Such ‘mosaicism’ can be caused when CRISPR edits some early embryo cells differently to others, or fails to edit some. Other researchers have reported mosaicism in efforts to edit human embryos for research purposes.
RNA researcher Sean Ryder, at the University of Massachusetts Medical School in Worcester, pointed out additional concerns in a Twitter post.
He Jiankui told the gene-editing conference that he targeted the CCR5 gene because some people naturally carry a mutation in CCR5 — a 32-DNA-letter deletion known as delta-32 — that inactivates the gene. But Ryder says that that the CCR5 deletions that He claimed to introduce into the babies’ cells by CRISPR gene editing are not identical to the delta-32 mutation.
“The point is that none of the three match the well-studied delta 32 mutation, and as far as I can tell, none have been studied in animal models.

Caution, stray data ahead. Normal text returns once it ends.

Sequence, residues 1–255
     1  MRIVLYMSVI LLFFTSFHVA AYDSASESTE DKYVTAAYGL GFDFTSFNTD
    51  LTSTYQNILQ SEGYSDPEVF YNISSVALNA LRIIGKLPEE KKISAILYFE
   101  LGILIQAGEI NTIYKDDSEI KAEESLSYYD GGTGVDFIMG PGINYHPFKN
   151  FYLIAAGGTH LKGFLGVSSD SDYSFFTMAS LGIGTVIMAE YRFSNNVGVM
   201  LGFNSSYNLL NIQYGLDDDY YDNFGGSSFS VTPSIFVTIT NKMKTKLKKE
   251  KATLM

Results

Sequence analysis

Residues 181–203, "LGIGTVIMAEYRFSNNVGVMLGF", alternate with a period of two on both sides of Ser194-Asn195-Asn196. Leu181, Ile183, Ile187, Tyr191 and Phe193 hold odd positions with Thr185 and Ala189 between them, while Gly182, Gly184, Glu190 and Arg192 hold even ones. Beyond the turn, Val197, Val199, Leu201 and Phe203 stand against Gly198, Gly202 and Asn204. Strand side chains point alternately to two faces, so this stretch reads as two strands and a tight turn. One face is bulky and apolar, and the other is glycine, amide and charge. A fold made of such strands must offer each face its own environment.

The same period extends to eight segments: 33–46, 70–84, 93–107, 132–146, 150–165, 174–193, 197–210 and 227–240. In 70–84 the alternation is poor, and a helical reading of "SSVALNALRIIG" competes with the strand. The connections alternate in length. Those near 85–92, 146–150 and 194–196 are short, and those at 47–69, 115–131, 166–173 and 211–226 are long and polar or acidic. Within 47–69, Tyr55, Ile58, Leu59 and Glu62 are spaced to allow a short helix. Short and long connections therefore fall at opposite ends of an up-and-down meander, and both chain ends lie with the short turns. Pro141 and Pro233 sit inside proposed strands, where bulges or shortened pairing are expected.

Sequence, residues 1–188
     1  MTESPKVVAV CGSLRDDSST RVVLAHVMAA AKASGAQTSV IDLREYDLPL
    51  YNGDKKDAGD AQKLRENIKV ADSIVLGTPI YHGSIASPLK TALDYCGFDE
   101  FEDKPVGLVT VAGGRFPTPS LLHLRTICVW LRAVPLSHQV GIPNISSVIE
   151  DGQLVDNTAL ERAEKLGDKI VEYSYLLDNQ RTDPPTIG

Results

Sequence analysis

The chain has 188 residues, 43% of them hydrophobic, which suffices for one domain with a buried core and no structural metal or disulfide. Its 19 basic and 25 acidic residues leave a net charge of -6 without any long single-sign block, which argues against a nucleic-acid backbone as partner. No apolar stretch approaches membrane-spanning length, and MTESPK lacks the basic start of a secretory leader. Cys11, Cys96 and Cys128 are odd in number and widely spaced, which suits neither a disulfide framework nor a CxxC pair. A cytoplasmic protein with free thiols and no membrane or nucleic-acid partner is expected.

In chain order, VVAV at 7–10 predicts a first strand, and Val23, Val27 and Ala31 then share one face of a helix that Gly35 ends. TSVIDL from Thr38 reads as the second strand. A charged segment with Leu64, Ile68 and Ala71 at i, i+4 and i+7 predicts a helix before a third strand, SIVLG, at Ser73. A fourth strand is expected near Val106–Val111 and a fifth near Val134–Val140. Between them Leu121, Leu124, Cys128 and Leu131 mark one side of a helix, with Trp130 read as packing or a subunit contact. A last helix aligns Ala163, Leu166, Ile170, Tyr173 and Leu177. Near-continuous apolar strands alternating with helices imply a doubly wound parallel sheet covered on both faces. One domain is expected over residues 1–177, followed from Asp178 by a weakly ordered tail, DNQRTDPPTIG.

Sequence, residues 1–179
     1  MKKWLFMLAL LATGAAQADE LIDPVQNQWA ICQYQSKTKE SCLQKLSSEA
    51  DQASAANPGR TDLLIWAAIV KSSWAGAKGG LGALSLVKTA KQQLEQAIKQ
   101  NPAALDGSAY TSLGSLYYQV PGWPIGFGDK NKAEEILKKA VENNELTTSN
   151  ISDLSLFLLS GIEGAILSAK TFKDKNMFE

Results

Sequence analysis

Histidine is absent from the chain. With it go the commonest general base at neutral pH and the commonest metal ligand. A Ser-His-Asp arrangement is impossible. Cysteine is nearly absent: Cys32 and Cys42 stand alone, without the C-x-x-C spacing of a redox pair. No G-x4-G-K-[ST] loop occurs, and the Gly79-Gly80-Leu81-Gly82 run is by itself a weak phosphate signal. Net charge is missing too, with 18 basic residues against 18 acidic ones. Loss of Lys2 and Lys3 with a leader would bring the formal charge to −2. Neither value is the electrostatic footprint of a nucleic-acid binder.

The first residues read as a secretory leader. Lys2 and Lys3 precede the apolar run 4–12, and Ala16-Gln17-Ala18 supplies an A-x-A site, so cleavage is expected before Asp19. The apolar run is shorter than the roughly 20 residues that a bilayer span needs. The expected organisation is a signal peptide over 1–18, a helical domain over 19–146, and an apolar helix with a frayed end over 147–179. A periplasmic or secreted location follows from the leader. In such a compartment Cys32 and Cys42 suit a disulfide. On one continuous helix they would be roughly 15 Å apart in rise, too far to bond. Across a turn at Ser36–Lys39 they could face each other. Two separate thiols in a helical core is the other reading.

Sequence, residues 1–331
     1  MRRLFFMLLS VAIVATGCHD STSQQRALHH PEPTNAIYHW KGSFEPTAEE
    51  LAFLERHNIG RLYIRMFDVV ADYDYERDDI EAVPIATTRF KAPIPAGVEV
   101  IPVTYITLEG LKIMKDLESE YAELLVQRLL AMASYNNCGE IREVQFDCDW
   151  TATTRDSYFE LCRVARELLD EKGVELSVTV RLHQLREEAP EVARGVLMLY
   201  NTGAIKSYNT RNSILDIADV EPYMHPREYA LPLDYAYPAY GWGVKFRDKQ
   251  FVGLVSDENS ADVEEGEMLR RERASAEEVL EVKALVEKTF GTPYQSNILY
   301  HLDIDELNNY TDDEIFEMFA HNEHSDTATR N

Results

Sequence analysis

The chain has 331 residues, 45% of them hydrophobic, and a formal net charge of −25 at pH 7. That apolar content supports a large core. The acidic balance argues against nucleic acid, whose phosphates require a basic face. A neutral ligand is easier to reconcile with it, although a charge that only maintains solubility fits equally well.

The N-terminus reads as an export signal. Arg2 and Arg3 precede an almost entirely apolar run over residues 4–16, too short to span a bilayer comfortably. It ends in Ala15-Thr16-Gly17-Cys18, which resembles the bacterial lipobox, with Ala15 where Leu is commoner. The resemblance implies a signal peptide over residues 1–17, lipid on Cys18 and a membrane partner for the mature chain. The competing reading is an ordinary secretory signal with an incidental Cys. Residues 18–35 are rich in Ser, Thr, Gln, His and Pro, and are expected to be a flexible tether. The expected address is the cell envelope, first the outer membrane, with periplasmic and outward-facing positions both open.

Unconscionable,” Ryder wrote in the post.
He Jiankui, seated, looks up as he answers questions during his presentation at the human genome-editing summit on 28th November
4. When will there be another gene-edited human?
As Jennifer Doudna, a pioneer of the CRISPR-Cas9 genome-editing tool, listened to He present his work at the summit, one idea kept coming back to her.
“The thought I kept having was the potential for rogue scientists to use this in unethical ways. It’s a real risk,” says Doudna, a biochemist at the University of California, Berkeley, United States.
Before He’s revelation, many scientists were already worried about the prospect that someone was on the brink of creating a gene-edited person.
Biologist George Daley, dean of Harvard Medical School in Boston, Massachusetts, and a member of the summit’s organizing committee, pointed to a procedure that replaces diseased mitochondrial DNA in an embryo with healthy mitochondrial DNA from another person, eliminating the embryo’s original disease-causing mutation.